“Historically, the term ‘witch’ has been used to describe people, primarily women, who refuse to conform to society’s expectations of who they should be.” When lines like this appear in TV shows for the preteen set (in this case, the recent Netflix adaptation of The Baby-Sitters Club), it’s clear the idea of witches as feminist icons has gone mainstream. (See also: Taylor Swift.)
Witch can now serve as shorthand for a whole range of activities, practising Wicca to lighting the occasional scented candle; in its ubiquity it becomes cosy, unthreatening. We might even begin thinking we live in a world that doesn’t penalise women disproportionately for stepping out of line.
The softening of the witch archetype is welcome in so many cases, with retellings like Wicked inviting us to empathise with the villains, but sometimes – particularly around Halloween – you just want (fictional!) angry, powerful women seeking revenge against those who have wronged them. “Too long these men have made me doubt, made me weep . . . Swear, we will fight against those who try to trap us, to hurt us, to kill us!”
Finbar Hawkins's debut, Witch (Zephyr, £12.99) takes us back to 17th-century England, with Evey vowing to avenge her mother's death at the hands of witch-hunters and abandoning her younger sister in the process. There is real magic here, though what leaps off the page is the creepy atmosphere and the raw emotion of a grieving, raging girl. "I tasted his blood on my black tongue, such sweet revenge." Perfect reading for a dark, stormy night.
If wicked witches have been mostly redeemed, fictional cheerleaders are still allowed to be evil; I initially found myself convinced that the five dead girls in Kara Thomas's The Cheerleaders (Macmillan, £7.99) had done something terrible and were being punished for it. (In books, groups of teenagers are so often involved in mysterious deaths that must then be covered up.)
The story Thomas deftly reveals, however, avoids that trope and provides a more nuanced take of life in a small town, and the steps that led to those deaths five years ago. Narrated by the sister of one of the victims, determined to prove it was murder and not suicide, the amateur investigation unfolds slowly but satisfyingly. There’s nothing supernatural here – this is one for readers who like their monsters all too human.
The aftermath of suicide is also explored in Bill Konigsberg's The Bridge (Scholastic, £7.99), with four possible timelines presented to the reader after two teenagers meet on a bridge with the intention of jumping. What might survival look like for one or both of them? What will it be like for those in their lives if they die?
At first, this sounds like a gimmick with the potential to be distasteful, schmaltzy or both. Konigsberg manages to pull it off by never dismissing his characters’ feelings; Aaron “can’t imagine withstanding this hole in his chest even a moment longer” while Tillie “literally did not know what else to do with the pain so deep down in her throat, the pain that sometimes feels like a string is pulling her shoulders down from the centre of her gut.”
So while it’s true that we see, in three of the four timelines, the powerful grief that the characters’ family and friends experience, this is emphatically not a guilt trip. Nor does Konigsberg suggest that everything is instantly all right if one attempt is averted; the path to recovery is rocky and unpredictable. There’s humour, warmth and hope in here alongside a hand stretched out in solidarity to anyone suffering.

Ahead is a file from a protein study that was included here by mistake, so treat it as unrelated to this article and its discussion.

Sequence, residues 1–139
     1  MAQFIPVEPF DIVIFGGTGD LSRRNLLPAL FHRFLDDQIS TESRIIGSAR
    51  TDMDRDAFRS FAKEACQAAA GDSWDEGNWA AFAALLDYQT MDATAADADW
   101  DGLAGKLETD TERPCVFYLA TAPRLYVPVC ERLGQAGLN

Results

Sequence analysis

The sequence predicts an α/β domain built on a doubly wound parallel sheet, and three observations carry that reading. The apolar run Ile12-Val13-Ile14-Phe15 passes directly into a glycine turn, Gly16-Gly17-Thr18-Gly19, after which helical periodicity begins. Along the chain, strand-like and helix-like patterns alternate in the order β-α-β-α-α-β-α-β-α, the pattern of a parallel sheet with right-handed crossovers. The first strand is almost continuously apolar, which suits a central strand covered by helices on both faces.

Poet Nikita Gill has a similar message to convey in The Girl and the Goddess (Ebury, £12.99), reassuring readers: "It's okay to feel / like you're drowning / inside your own bones sometimes." As Paro grows up in an India still traumatised by the legacy of colonisation and partition, she experiences the small and large hurts that come with being female. Her mother tells her that "Girl is not a dirty word… Girl is fury" but it's not that simple, particularly when Paro falls for a girl at school.
This is Gill’s first verse novel, and although she’s used old stories to explore contemporary womanhood in her poetry previously, her engagement with Hindu deities here is more sustained, propelling the narrative and allowing Paro to carve out her own particular space in her native tradition. While “goddess” is another term that’s had its power sapped from overuse, the tales woven throughout remind us of its true meaning.
The individual poems are sometimes a little didactic, with a touch of fridge-magnet-wisdom about them (part, though not all, of Gill’s success is down to her sharing of her work in digestible snippets on Instagram), but they add up to a moving, layered story that is ultimately served well by this form.
Finally, novelist Ayesha Harruna Attah makes her teen debut in The Deep Blue Between (Pushkin, £7.99), a tale of two twin sisters separated when their village is "crisped to the ground" in a raid. It is the 1890s, and slavery is technically illegal, though its legacy lingers.
On the Gold Coast of west Africa, Hassana feels “as if we were always getting a bad deal with the Europeans” and becomes involved in political campaigning; in Brazil, Vitória discovers what it means to receive the gods during ceremonial dances as part of her initiation into a hybrid religion that originated as a result of the Atlantic slave trade.
Still bound together by shared dreams, both girls yearn for reunion even as they grow beyond being defined by their other half. This is a memorable, evocative tale of sisterhood and identity.